Italy has also been on the offensive (and not just in footballing terms), reigniting designation wars with Croatia. Prošek (pronounced pro-sheck) is a syrupy Croatian dessert wine, with little similarity to prosecco other than in name. Meanwhile, the Italian sparkling wine 'Prosecco' boasts legal protection through a suite of certifications including Designation of Controlled Origin (DOC), Designation of Controlled Origin and Guaranteed Status (DOCG), Protected Designation of Origin (PDO) and Protected Geographical Indications (PGI).

In 2013, Croatia sought EU recognition for the name 'Prošek', but its application was swiftly refused for being too similar to 'Prosecco'. Croatia has once again applied to the European Commission for special recognition of Prošek, contending that the wine has been made for over 2,000 years (far longer than Prosecco's 90 year reign).

With France eliminated from the Euros on penalties, we wait to see how it will fare against Russia in the Champagne championships. And will the European Parliament call foul play on Croatia or Italy?

British meat will continue to be sold in NI after grace period is extended

The EU has agreed to formally extend the grace period for the movement of British chilled meat products to Northern Ireland (NI) meaning Northern Irish consumers can enjoy British meat for another 3 months.

Imports of chilled meat products, such as fresh sausage and burgers, from third party countries are not permitted by the EU. Since NI essentially remains in the EU single market and is subject to EU customs checks at ports, a grace period was granted to give Northern Irish food businesses time to set up new supply chains. The grace period was originally due to end on 30 June 2021 but has now been extended, at the UK Government's request, until 30 September 2021.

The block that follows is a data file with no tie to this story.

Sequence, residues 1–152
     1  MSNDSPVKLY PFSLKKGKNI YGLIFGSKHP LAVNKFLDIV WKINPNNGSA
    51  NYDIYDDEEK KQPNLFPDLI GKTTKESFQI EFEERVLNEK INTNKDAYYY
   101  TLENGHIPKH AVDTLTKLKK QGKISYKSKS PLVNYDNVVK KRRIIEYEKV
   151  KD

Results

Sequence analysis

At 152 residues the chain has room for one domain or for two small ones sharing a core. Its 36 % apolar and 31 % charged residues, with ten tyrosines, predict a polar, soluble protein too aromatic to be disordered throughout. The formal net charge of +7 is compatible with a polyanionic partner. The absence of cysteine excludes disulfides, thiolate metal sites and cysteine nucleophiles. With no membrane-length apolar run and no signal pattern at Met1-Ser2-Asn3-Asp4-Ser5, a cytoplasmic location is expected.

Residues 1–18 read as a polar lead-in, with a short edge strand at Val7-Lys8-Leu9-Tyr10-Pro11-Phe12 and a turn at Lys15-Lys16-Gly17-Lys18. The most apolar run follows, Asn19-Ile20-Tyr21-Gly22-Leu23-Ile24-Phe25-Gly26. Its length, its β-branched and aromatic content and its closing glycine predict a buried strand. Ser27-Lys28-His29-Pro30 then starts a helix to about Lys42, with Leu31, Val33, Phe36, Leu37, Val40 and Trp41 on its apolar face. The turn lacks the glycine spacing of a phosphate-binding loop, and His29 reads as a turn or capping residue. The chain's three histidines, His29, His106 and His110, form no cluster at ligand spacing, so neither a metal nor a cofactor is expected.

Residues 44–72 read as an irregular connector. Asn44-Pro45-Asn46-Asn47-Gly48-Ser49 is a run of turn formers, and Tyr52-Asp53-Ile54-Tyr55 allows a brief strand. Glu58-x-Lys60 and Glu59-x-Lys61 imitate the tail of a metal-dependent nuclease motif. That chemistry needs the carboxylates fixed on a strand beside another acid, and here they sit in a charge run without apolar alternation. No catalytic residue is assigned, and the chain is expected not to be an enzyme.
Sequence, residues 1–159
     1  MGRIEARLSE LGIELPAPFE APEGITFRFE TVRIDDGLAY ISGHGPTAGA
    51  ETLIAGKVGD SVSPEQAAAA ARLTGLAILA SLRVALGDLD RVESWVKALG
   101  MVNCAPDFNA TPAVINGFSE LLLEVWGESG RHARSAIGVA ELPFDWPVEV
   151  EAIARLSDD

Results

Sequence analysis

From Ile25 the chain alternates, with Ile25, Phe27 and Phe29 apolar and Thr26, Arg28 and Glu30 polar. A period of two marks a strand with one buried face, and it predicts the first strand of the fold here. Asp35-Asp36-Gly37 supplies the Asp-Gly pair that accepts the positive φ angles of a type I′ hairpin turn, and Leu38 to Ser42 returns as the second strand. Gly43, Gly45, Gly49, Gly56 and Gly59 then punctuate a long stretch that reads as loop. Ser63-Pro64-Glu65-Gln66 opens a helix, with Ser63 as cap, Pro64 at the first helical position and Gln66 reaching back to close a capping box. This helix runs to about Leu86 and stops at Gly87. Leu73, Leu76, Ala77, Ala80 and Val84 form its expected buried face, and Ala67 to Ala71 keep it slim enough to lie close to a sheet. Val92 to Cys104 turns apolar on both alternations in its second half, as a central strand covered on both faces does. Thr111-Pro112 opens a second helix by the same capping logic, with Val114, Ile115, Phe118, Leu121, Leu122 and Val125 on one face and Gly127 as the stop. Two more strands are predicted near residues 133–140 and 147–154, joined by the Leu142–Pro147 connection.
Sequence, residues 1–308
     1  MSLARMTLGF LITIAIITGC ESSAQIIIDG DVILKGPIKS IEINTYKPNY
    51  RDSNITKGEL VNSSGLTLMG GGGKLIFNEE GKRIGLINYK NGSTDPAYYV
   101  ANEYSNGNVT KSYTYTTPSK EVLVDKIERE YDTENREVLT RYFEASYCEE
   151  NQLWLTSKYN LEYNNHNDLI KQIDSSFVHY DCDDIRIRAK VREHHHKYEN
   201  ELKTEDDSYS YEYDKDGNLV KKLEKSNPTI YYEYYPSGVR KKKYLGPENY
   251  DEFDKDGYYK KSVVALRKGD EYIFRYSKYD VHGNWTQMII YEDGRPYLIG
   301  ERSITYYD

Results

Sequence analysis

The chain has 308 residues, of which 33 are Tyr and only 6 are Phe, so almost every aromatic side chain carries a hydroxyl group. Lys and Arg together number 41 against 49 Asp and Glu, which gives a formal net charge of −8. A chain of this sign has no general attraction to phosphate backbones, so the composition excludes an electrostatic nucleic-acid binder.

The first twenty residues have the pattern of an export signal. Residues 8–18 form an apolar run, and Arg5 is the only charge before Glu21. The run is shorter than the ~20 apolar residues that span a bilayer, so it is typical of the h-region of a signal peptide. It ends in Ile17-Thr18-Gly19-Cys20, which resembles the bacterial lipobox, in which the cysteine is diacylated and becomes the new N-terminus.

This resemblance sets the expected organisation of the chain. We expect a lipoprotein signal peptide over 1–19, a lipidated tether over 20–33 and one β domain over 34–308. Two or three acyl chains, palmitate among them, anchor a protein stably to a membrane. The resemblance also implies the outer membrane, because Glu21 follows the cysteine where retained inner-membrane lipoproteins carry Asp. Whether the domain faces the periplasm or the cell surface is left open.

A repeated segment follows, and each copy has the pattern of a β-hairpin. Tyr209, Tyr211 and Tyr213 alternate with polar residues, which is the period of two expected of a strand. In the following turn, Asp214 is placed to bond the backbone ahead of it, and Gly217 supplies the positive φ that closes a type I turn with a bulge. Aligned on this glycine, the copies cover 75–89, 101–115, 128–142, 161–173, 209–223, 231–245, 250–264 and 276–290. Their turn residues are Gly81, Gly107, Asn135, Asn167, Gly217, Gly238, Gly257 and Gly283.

The extension should ensure a smoother transition period, buying key stakeholders like supermarkets further time to adapt their supply chains to meet post-Brexit regulations. However, the UK Government has acknowledged that a permanent solution remains to be agreed and the European Commission has been clear that it is "not issuing a blank cheque" for continued postponement. So whilst the summer barbecue season is safe, the long-term future remains uncertain. Read more

ASA bans 'irresponsible' Instagram ads by AU Vodka

It's been a busy few weeks for the ASA. On 30 June, the regulator challenged various Instagram posts shared by AU Vodka as 'irresponsible', by virtue of the fact that they encouraged excessive and / or unwise alcohol consumption.